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Load banks are constructed of switched loads, used for electrically loading electric equipments in order generally to test them (batteries, power supplies, UPS, welding power source) such as, typically, the battery discharge test benches.

They can as well be used for generating the electrical conditions for testing a specific electrical device (electromechanical relay, breaker, …). They become in this case a production or troubleshooting test bench or part of it.

We supply load banks from a few kilowatts to several hundred kilowatts.


The load banks are constructed of :

  • a set of loads which will absorb the energy taken from the source, the resistive loads being Coudoint products: wirewoundedgewoundwoven resistors, optionally linear or rotary, manually driven or motorized rheostats.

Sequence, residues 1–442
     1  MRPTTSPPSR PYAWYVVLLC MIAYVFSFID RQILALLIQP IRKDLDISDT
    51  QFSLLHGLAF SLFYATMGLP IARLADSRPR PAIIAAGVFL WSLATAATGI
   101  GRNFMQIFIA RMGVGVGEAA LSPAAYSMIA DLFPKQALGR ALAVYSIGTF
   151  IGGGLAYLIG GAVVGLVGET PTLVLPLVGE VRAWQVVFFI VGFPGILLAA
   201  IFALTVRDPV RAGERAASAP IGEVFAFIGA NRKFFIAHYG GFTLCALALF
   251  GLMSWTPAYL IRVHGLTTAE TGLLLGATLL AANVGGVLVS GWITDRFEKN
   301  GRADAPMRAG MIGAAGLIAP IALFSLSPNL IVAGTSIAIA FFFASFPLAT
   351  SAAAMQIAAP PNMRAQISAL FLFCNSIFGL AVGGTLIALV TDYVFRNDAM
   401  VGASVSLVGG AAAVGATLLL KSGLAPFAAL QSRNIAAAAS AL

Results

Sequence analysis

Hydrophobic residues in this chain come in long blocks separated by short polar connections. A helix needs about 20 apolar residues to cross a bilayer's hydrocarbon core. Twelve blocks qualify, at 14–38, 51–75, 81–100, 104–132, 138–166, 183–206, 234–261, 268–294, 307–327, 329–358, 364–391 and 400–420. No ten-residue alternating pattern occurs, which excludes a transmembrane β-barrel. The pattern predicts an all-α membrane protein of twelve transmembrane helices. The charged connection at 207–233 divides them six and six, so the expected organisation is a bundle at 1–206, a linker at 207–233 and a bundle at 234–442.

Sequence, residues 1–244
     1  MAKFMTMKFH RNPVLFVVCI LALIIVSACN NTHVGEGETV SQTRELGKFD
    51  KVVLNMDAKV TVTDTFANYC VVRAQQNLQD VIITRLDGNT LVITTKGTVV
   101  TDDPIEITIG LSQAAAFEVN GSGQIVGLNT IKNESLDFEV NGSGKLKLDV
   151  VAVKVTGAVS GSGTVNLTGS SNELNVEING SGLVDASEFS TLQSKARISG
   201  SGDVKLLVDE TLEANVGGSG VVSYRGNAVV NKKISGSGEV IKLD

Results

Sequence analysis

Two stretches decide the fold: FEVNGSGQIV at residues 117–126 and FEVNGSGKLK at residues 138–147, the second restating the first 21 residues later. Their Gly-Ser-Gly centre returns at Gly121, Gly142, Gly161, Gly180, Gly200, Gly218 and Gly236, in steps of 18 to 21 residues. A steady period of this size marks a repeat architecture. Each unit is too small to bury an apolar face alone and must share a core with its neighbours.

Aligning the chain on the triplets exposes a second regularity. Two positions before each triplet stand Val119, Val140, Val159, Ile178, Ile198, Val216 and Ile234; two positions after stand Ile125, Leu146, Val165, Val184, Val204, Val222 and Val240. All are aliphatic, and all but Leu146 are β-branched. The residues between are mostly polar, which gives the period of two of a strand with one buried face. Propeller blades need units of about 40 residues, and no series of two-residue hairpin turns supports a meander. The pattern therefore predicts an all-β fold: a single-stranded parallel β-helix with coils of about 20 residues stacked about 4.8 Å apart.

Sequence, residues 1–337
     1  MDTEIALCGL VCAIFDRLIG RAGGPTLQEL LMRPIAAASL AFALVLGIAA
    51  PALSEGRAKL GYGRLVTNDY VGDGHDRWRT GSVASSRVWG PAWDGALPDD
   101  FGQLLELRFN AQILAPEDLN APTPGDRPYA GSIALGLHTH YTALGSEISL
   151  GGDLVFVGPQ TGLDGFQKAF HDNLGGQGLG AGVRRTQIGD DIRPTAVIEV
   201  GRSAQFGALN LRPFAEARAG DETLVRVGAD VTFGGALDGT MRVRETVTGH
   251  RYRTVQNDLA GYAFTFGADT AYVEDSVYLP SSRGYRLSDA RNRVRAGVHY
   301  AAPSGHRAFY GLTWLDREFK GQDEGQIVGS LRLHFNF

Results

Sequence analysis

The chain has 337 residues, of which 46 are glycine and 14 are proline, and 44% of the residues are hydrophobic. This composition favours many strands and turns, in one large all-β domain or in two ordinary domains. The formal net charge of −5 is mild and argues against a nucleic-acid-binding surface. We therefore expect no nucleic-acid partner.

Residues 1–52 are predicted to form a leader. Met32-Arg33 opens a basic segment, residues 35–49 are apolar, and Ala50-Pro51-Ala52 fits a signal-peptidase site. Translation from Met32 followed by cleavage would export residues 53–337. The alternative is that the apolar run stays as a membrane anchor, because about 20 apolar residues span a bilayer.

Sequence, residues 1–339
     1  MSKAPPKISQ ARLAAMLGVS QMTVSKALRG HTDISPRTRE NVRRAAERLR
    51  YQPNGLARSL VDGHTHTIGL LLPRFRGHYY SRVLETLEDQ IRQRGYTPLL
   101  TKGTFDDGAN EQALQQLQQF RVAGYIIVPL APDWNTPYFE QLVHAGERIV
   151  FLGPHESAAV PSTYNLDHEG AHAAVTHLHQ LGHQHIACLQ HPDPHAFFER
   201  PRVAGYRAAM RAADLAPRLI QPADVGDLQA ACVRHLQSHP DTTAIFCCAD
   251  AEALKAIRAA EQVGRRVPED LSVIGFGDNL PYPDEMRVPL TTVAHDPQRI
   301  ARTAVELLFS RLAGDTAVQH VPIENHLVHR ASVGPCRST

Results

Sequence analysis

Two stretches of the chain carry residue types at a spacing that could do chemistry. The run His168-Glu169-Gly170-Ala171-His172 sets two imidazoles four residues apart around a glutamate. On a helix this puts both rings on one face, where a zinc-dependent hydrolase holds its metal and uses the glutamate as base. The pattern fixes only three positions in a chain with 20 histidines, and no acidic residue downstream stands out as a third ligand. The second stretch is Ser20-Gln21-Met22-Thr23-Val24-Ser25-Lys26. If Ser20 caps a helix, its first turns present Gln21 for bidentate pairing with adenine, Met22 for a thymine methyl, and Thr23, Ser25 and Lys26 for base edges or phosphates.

• a cooling system, by natural air cooling, by forced-air cooling or by water cooling

  • load switches: manual switches, electromechanical relays or electronic power switches

  • a control device for selecting the load value, either manually or electronically.

An electronically controlled load bank can be fitted either with an embedded PLC or with an electronic interface. They can work in an autonomous way or be driven by an external PC or controller through a direct link or as part as a communication network.

Series and models

Numerous standard models are proposed in 5 series, see the page Standard load banks.
We produce many custom designs according to the specifications or need descriptions we are given. We use for that our own components and we take advantage of our wide base of validated solutions we have been building for many years:

A custom load bank brings often more benefits in all aspects than a poorly adapted standard product.

Examples of products, illustrating the various solutions we can offer, are shown in the pages Realizations, and with more details in the documentation of the load banks available for download:

Download the technical documentation of the Load Banks (Octobre 2010):
Download the technical documentation of the Load Banks (Octobre 2016):